3 — The Game State

Due Thursday, 15 October 2020, 11:59:59pm

Delivery Place the product of this week’s project steps into your repo as follows:

You may create Other/ directories in both 3 and Fish.

Programming Task Design and implement a game state data representation, including the following operations. A game state represents the current state of a game: the state of the board, the current placements of the penguins, knowledge about the players, and the order in which they play.

A game state representation may be used by the referee component to perform turns and check rule-conforming behavior. A player component can use it for planning purposes.

The game-state representation should come with the following pieces of functionality:
  • creating a state for a certain number of players;

  • place an avatar on behalf of a player;

  • move an existing avatar from one spot to another on behalf of the player;

  • determine whether any player can move an avatar; and

  • rendering the state graphically.

    If your programming language supports pictures as values—like say BSL and ISL in F I—-your method or function may return such a picture. Otherwise it consumes a window and adds it to a window.

You might need other operations to design these. Consider making those public if you see a need for players or referees to use them.

Design Task Both referees and (well-behaved) players will need to check whether an action is legal according to the rules of Fish. A well-chosen data representation will enable two different mechanisms to check rules and to plan a player’s next move (based on some look-ahead).

Describe a data representation for representing entire games. Roughly speaking, a game is a tree of all potential moves in any state reachable from a given starting point. Assume that the starting point is a state in which all players have placed all their available penguins. Both the referee and the players can use this structure to check the validity of actions or plan ahead.

Such descriptions typically mix nglish and references to the data sub-language of your chosen programming language. Add a description of an external interface; this may look like the wish lists from Fundamentals I and II. Distinguish the two parts clearly.

The memo must not exceed two pages. Less is more.

Testing Task Create a test harness named xboard. The harness consumes its JSON input from STDIN and produces its results to STDOUT. Create three tests and place them in the specified folder.

The tests are formulated as pairs of files: <n>-in.json, the input, and <n>-out.json, the expected result, for an integer <n> greater or equal to 1.

Its inputs is an object with two fields:


    Board-Posn is

      { "position" : Position,

        "board" : Board}


    Board is a JSON array of JSON arrays where each element is

    either 0 or a number between 1 and 5.

    The size of the board may not exceed a total of 25 spots.

    INTERPRETATION A 0 denotes a hole in the board configuration. All other

    numbers specify the number of fish displayed on the tile.


    Position is a JSON array that contains two natural numbers:


    INTERPRETATION The position uses the computer graphics coordinate system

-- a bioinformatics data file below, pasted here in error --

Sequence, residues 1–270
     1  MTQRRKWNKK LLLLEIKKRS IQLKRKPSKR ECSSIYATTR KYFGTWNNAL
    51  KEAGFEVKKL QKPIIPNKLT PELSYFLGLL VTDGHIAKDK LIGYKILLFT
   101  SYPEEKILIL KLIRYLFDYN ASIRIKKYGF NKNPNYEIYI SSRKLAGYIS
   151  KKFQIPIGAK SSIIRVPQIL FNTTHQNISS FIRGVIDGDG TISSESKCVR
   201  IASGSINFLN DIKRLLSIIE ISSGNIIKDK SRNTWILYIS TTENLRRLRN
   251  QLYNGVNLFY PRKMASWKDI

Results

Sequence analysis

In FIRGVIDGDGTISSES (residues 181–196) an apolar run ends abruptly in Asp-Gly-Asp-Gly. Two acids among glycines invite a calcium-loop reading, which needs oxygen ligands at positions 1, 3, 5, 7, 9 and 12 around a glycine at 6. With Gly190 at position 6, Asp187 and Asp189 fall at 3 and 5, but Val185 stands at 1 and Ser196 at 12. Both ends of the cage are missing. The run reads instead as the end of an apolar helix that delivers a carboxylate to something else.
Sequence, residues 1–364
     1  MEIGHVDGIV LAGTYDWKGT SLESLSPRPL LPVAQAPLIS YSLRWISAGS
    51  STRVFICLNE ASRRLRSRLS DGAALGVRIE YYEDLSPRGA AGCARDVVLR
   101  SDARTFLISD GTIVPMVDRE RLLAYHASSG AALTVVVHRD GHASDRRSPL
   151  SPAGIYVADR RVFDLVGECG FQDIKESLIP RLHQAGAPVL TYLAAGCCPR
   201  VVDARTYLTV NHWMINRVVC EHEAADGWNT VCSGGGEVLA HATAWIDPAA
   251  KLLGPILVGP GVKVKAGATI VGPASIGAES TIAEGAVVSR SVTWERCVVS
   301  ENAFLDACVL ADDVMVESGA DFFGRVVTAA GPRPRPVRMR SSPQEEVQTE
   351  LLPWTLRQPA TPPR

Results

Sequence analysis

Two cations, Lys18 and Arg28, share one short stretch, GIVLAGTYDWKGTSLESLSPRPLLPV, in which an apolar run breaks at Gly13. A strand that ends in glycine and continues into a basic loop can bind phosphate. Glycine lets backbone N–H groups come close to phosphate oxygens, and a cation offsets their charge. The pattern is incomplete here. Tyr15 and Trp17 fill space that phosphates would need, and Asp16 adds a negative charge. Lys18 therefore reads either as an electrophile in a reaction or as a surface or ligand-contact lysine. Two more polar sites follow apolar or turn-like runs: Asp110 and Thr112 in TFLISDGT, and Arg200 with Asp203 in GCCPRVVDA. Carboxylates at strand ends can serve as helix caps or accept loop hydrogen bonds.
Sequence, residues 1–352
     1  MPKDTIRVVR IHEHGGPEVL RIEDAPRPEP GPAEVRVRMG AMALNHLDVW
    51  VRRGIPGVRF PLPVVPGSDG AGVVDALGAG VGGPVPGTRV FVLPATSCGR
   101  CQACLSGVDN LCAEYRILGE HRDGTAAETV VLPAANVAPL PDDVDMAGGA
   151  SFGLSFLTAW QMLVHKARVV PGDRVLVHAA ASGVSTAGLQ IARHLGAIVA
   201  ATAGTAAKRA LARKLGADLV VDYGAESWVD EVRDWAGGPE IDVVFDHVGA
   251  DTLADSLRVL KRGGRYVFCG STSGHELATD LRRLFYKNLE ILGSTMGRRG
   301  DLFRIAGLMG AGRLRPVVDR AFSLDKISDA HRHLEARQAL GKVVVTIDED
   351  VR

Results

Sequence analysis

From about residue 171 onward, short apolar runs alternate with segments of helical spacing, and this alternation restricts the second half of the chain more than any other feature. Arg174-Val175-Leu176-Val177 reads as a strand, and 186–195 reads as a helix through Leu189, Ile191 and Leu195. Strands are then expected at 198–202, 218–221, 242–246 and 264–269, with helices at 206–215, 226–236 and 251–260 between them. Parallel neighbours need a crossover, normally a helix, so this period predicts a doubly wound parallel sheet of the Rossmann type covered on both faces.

meaning the Y axis points downwards. The position refers to a tile with at least one fish on it.

Its expected outputs is the number of tiles on the board that can be reached from the specified position.

Since boards with hexagonal tiles are somewhat unusual, here are two examples that graphically explain how JSON board specifications are interpreted:





Both sample inputs specify the top-most, left-most position as the one to analyze.

Well-formed and Valid You may assume that all inputs for your test harnesses will be well-formed JSON and valid according to the homework descriptions. As a reminder, a well-formed Position would be [1001,2], but it would be invalid for the above boards; [0,1] would be well-formed and valid for both of these boards.

Beyond integeration testing, we should eventually move to stress testing. The course will touch on this idea in November or December.

Pedagogy Besides unit tests, multi-component projects also need integration tests. Such tests compose several components and run tests on the composite that exercise functions across the components. This task is a lightweight illustration of this idea.

Some of you may not have pruned straight lines at holes in the board or even avatars on the board (though that is not a part of the board data representation anyways). For the grading of 2 — The Game Pieces this does not make a difference. But, for this testing task, it does. Please see the revision of Fish.

You will have to add code to deal with the (de)serialization between your chosen data representation and JSON.

When a milestone assignment requests such test harnesses, you should not need—but you may have—to modify the core functionality from the previous milestone. Instead, it may suffice to bridge the gap between the external data representation and your internal one within the test harness. This second option tends to be better than changing your code because you don’t run into danger of upsetting well-tested logic.

Like unit tests, an integration test may check properties of expected outcomes, instead of the complete outcome.

You may wish to place unit tests into Other/ if your chosen programming language does not permit co-mingling tests with the code for xboard within 3.